Are Stricter Rules Any Better? A Study of New York’s Statewide Central Register of Child Abuse and Maltreatment

They do things differently on the East Coast, as evidenced by this act. We’re Robert and Kathey Raskin, and we were intrigued by what we found during our investigations. When accused parents get slapped with charges of child neglect or abuse in the state of New York, they face an investigation by child protective workers. This approach leads to their case heard in family court and the possibility of having their children removed from their care. You’d think, okay, that sounds about right. That’s the job of social services.

However, the process can take months of home visits, disrupting the stability of a child’s life. Their parents may be required to comply with various recommendations about and for social services. The goal – of course – is to make sure that children feel safe in their homes. The glaring problem for us is that once a case of child neglect is in the system, their parents are on the state registry for an egregiously long time, even if their case was heard and dismissed by a family court judge.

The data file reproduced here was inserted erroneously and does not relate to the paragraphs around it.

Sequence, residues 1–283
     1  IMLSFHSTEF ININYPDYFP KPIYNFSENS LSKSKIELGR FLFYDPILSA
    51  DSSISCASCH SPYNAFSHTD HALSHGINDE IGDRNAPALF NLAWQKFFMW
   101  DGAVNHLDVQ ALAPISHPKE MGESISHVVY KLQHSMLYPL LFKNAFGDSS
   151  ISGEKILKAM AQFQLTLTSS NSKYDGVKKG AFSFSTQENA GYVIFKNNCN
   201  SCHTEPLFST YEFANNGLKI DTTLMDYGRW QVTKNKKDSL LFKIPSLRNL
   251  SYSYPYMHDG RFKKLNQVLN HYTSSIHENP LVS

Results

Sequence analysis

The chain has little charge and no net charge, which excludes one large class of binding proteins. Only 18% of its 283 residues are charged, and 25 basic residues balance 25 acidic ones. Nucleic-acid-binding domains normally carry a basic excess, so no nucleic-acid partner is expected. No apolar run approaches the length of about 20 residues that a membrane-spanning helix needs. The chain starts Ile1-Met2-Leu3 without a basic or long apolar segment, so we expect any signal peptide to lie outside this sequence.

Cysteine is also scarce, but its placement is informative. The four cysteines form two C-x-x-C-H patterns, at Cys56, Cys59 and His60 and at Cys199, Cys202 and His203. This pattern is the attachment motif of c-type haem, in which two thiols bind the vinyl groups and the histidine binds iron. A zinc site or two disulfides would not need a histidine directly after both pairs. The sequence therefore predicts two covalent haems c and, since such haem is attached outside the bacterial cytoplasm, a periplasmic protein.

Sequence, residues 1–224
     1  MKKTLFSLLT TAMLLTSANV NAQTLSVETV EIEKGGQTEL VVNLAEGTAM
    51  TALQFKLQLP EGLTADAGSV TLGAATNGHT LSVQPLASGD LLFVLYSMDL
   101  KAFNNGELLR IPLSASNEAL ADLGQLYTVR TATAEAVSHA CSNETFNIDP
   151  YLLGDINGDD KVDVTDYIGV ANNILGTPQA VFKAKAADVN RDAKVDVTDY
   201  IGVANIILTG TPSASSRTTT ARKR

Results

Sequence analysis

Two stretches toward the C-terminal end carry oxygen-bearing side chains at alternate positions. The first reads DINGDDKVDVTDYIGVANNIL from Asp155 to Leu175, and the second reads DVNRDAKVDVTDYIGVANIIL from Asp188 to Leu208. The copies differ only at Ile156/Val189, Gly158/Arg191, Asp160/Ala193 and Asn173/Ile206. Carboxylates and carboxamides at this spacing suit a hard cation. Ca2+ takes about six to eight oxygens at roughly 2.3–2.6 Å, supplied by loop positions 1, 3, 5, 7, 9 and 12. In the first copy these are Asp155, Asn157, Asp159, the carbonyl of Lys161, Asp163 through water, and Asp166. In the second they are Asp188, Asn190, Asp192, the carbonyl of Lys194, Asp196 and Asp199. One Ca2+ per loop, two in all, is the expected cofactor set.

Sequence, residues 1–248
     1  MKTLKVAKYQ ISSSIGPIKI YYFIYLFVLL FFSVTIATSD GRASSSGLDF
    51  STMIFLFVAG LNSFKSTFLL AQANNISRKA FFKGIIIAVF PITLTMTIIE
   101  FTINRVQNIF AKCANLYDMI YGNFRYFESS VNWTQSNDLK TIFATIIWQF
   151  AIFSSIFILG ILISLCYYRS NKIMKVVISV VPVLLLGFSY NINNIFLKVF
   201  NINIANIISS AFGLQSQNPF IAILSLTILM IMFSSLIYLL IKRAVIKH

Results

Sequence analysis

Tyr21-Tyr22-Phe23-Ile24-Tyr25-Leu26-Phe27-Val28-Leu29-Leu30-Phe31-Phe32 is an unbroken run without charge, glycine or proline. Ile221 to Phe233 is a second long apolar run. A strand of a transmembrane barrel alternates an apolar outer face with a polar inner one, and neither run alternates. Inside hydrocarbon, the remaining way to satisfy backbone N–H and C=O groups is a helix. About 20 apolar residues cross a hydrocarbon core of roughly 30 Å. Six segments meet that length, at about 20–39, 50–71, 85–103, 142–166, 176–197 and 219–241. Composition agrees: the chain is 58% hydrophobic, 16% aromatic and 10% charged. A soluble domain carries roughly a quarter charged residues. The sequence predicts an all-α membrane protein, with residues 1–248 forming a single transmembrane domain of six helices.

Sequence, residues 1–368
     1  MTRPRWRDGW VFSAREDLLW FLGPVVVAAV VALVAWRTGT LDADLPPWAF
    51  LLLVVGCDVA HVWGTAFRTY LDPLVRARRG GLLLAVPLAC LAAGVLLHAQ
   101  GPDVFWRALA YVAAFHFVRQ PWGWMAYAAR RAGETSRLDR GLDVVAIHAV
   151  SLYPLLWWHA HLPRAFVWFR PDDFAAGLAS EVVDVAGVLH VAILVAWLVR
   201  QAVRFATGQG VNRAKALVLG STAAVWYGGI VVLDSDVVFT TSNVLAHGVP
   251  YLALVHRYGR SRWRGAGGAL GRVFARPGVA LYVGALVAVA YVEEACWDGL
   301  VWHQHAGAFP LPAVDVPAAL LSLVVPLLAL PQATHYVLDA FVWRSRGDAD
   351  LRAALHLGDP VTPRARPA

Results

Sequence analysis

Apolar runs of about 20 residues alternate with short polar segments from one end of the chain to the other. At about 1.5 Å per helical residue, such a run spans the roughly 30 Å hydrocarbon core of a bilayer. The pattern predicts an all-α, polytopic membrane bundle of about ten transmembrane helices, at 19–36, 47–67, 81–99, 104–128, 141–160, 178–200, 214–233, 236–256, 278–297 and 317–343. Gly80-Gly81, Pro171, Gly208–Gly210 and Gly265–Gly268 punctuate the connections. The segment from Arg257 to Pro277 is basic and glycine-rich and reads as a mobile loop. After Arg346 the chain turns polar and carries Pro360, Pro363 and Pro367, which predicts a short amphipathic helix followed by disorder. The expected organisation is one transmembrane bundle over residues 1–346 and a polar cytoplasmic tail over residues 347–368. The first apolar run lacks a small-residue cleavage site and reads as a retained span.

How Much is Too Much?

The Statewide Central Register of Child Abuse and Maltreatment is easy to get on. But it’s challenging to get off. Not only that, it can restrict parents’ employment opportunities for up to 28 years. That’s not normal. Imagine being 12 years old and a case opened on your family when it was a misunderstanding. You’ll be 40 years old – long past the age of majority – and your parents may be struggling financially due to their lack of steady work.

They can’t work with people in vulnerable situations, such as jobs in daycares, as a substance abuse counselor, and as a home health aide. These are positions that are on the upswing but can’t seem to find enough good people. Imagine being told that you couldn’t continue with the career that you built because of this constraining law. That’s not fair at all. The current methods in place are something to examine with a deeper lens.

Neglect Means Different Things to Different People

If you’re suffering under this law, then you’re probably doing the math in your head. You can indeed be on the registry longer than you would a felony in the state of New York.

This short video tells how kids end up in foster care in New York.

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